Even the slightest fault in aircraft engines could pose a safety risk. Until now, inspectors have relied solely on their well-trained eye to unmask defects on blade-integrated disks, known as blisks. In the future, they will be supported by an automatic control system that is the first to unite geometric measurement and surface inspection. Researchers will introduce the AMI4BLISK system at Control 2015, the international trade fair for quality assurance in Stuttgart on May 5 – 8. (Hall 1, Booth 1502)
Day after day, an aircraft hurtles down the runway, slowly lifts from the ground and climbs towards the clouds. To do this for years at a time and still remain safely in the air, jet engine turbines must be precision engineered without even the slightest flaw. That’s why, before installation, inspectors examine every single blisk – the turbine disk and its 30 to 60 blades – very carefully for six to eight hours. In this process, they rely exclusively on their practiced eye to spot any problems.
Capturing the geometry and analyzing the surface
In the future, inspectors will receive technical support via the AMI4BLISK system (Automated Geometrical Measurement and Visual Inspection for Blisks): it measures the blisk’s geometry and also automatically examines it for defects. Researchers at the Fraunhofer Institute for Industrial Mathematics ITWM in Kaiserslautern developed the system in close cooperation with Hexagon Metrology GmbH and the Hexagon Technology Center GmbH. The EU project is part of the Clean Sky joint technology initiative. “With our system, inspectors can examine the blisks almost twice as fast as before – and with the same precision,” says Markus Rauhut, head of department at ITWM. “What’s more, we always have the same recognition rate: the system never gets tired and even night shifts cause no complaint.”
ust as before, geometric measurement is performed using a coordinate measuring machine. A cantilever arm with a probe touches several hundred points on the blisk. In the future, the machine will also examine surface quality. Instead of just a measuring probe, the cantilever arm will be outfitted with two cameras and a light to ferret out scratches, dents and pressure marks. The corresponding software collects details in a list about the type and exact position of each flaw. An optical sensor developed by Hexagon in turn uses the data to measure the individual defects in more detail. Although it can inspect small areas only of up to one square millimeter in size, the sensor measures more precisely than a camera.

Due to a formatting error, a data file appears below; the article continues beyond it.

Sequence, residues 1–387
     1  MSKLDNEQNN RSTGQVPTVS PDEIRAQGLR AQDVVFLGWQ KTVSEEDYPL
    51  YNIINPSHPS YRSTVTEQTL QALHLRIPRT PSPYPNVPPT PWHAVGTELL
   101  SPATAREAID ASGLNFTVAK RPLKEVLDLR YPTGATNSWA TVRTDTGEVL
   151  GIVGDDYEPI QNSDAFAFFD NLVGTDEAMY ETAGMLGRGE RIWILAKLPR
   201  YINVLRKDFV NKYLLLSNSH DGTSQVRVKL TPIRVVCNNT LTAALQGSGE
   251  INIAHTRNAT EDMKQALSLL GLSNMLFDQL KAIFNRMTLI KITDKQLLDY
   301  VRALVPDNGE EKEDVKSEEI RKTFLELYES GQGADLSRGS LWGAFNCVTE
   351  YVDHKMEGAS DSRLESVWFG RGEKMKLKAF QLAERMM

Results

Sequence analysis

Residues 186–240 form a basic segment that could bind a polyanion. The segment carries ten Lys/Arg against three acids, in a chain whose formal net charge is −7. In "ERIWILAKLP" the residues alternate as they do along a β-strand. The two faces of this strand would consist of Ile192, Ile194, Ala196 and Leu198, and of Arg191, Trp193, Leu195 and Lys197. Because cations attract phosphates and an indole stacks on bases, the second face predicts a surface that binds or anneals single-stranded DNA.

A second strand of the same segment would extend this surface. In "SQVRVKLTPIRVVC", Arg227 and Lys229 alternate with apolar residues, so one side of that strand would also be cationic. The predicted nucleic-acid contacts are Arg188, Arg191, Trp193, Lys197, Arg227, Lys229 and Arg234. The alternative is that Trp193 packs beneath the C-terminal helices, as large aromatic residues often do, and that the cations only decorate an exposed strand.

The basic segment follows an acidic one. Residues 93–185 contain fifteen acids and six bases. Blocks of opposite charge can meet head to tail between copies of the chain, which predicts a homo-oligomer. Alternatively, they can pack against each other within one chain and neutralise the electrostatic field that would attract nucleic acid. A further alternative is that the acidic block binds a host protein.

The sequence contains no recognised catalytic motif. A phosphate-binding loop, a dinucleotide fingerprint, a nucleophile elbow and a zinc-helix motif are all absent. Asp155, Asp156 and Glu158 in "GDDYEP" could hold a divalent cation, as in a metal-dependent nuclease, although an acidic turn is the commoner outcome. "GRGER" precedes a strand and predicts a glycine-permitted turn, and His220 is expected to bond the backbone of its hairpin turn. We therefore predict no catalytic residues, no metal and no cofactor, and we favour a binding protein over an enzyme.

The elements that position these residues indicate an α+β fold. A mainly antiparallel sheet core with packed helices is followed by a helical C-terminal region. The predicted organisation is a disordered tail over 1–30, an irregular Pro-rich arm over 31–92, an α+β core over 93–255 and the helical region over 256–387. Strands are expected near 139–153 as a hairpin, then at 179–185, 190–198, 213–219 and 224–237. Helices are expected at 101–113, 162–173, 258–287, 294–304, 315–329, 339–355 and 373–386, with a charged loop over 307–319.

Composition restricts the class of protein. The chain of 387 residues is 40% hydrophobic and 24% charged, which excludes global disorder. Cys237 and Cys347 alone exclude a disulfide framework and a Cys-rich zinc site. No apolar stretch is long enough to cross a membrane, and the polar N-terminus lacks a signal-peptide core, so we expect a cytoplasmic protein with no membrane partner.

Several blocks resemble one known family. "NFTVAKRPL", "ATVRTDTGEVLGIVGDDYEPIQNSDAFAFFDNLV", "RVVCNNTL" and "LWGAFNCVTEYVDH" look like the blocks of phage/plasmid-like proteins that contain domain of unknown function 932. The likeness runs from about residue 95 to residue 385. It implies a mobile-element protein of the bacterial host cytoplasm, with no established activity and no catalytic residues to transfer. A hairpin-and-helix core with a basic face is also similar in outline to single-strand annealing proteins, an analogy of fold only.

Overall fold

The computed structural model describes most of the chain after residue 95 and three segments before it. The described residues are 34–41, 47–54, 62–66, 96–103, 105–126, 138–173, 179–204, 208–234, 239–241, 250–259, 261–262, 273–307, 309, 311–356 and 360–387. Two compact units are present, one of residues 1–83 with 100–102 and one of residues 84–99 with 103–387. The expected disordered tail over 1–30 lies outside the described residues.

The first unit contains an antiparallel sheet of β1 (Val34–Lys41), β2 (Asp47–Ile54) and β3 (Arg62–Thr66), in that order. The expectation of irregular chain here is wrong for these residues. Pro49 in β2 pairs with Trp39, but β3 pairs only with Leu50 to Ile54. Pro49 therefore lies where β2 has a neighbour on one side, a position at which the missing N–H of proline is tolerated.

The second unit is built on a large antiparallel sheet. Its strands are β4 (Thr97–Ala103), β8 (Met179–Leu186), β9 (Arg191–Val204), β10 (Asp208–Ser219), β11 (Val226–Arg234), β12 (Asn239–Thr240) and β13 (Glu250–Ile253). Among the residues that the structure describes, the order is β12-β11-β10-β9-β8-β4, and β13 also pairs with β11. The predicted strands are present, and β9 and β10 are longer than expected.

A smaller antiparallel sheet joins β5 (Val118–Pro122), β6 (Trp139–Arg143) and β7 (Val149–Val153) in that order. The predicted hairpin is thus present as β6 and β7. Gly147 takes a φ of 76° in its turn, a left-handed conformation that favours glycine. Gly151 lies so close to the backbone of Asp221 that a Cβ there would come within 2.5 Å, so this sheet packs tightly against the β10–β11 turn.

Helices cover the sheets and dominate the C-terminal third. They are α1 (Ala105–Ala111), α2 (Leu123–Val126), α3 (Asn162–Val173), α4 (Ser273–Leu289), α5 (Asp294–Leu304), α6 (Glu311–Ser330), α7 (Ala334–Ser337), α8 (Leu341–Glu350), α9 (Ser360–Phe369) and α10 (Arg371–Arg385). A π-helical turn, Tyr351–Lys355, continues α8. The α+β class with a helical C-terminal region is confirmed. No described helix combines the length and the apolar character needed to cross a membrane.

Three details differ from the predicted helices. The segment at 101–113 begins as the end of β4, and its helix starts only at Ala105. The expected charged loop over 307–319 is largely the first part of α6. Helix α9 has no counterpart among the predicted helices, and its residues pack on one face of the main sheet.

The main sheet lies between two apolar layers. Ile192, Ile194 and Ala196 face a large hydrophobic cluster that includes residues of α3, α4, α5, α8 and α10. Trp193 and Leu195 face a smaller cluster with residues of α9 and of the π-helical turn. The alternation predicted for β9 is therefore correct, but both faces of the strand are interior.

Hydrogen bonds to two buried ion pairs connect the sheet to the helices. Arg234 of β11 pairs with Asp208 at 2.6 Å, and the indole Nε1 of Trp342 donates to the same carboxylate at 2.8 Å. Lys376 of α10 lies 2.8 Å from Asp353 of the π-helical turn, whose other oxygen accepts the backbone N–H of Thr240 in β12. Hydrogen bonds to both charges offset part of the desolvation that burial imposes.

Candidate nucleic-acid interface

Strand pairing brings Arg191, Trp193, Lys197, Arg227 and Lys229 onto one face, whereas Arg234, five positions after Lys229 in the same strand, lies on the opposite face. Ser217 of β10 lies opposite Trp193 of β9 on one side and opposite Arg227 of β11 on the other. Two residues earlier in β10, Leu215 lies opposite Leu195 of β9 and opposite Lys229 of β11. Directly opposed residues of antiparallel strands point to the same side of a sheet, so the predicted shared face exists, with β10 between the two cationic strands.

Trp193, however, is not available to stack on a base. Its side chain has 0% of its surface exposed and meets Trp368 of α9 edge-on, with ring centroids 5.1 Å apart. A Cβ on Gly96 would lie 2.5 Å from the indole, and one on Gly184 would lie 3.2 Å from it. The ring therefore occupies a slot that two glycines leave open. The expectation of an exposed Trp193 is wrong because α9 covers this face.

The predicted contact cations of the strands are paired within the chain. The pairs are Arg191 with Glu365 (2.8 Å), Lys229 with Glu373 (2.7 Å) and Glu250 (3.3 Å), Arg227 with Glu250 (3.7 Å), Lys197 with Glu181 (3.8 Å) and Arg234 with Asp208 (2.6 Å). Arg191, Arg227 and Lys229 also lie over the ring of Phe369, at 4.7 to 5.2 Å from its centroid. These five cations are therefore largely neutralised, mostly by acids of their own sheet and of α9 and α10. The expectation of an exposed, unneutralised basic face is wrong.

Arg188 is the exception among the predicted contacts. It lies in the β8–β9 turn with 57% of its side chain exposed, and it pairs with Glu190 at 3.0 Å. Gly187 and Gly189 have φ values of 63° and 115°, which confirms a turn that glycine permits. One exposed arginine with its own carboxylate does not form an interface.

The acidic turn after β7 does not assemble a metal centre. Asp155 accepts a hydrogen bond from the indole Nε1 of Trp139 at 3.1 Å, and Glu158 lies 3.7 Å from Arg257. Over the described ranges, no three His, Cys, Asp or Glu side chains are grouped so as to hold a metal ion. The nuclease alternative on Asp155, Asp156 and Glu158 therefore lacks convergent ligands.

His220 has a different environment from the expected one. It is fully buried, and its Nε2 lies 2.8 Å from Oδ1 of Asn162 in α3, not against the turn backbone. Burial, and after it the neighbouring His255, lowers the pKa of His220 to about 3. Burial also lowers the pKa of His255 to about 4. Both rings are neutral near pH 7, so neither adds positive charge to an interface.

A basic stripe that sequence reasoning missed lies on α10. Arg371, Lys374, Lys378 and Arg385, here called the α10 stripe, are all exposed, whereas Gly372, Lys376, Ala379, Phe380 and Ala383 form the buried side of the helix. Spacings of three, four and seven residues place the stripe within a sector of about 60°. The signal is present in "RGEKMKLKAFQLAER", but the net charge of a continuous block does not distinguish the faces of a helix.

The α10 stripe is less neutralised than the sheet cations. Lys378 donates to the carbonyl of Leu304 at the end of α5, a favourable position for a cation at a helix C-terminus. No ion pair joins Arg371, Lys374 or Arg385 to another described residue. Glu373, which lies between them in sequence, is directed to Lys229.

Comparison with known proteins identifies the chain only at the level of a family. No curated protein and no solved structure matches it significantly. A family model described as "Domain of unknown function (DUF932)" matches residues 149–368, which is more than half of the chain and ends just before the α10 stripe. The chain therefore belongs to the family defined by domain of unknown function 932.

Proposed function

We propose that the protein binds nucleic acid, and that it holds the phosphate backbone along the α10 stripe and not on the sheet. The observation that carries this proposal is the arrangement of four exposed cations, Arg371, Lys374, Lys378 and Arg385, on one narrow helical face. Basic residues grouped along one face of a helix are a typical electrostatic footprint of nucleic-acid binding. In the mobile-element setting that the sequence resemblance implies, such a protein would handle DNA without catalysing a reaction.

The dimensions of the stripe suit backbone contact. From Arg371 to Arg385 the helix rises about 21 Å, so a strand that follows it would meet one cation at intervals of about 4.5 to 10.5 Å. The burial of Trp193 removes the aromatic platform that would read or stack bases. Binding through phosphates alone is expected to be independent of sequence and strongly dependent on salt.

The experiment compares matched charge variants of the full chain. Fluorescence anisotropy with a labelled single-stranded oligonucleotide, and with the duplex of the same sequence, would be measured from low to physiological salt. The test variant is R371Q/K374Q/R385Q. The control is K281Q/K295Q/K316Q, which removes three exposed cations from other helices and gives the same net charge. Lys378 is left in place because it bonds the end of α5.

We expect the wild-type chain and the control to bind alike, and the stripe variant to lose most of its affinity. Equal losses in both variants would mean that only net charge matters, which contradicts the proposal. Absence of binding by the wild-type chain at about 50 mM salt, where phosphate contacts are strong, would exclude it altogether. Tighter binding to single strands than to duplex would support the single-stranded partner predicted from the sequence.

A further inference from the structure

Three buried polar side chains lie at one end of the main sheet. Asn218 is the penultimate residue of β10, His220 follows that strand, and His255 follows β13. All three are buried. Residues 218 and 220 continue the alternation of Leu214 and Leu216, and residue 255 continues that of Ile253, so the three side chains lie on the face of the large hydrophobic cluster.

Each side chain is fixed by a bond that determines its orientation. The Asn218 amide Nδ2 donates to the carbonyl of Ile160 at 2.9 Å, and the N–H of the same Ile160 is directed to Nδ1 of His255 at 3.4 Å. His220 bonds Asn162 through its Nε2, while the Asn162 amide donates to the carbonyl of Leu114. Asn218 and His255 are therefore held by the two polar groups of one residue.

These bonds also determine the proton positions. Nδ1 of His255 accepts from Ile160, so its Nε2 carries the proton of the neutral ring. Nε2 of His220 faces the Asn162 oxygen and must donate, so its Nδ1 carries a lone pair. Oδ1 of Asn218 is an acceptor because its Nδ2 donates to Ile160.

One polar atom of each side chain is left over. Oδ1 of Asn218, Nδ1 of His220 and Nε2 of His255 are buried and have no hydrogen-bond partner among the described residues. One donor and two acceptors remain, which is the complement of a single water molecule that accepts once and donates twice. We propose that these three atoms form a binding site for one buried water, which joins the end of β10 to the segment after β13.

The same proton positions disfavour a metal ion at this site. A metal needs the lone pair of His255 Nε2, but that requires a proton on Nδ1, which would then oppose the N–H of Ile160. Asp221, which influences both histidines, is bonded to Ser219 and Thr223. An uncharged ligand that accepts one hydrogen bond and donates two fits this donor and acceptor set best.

Objective test reports
Once these investigations have been completed, the human inspector steps in and takes a closer look at any defects detected, using the report generated by the system and a 3D representation of the blisk. Color coding reveals which areas of the turbine the system analyzed automatically. If the camera was unable to identify certain spots – inside a drilled hole, for instance – those areas are marked red on the computer display. “The system doesn’t just deliver an objective test report, but also confirms that the entire blisk was examined,” explains Rauhut.
One of the challenges for the camera system is determining exactly how far away the camera is from the respective blisk part. This is important because the software can’t calculate how long or how deep scratches or dents are if the distance information isn’t accurate. Otherwise, areas that are further away appear smaller than they actually are. The CAD data for each blisk offers the solution: the software takes the information about the blisk’s exact geometry and turns the virtual CAD turbine so that its position in space perfectly corresponds to the test subject’s real position. Then for each individual pixel, it calculates the distance from the camera to the point on the blisk. This means the optical sensor‘s tool can provide exact information about where a defect is located, as well as how long and wide a scratch is.
The core system is already complete. Researchers will introduce the AMI4BLISK system at Control 2015, the international trade fair for quality assurance in Stuttgart on May 5–8. You can find it at the Fraunhofer shared exhibition stand, which is coordinated by the Fraunhofer Vision Alliance (Hall 1, Booth 1502). This year, the booth focuses on Industry 4.0. In the next step of the development process, the scientists will aim to have the AMI4BLISK system ready for the market in 2016.
Filed Under: Aerospace + defense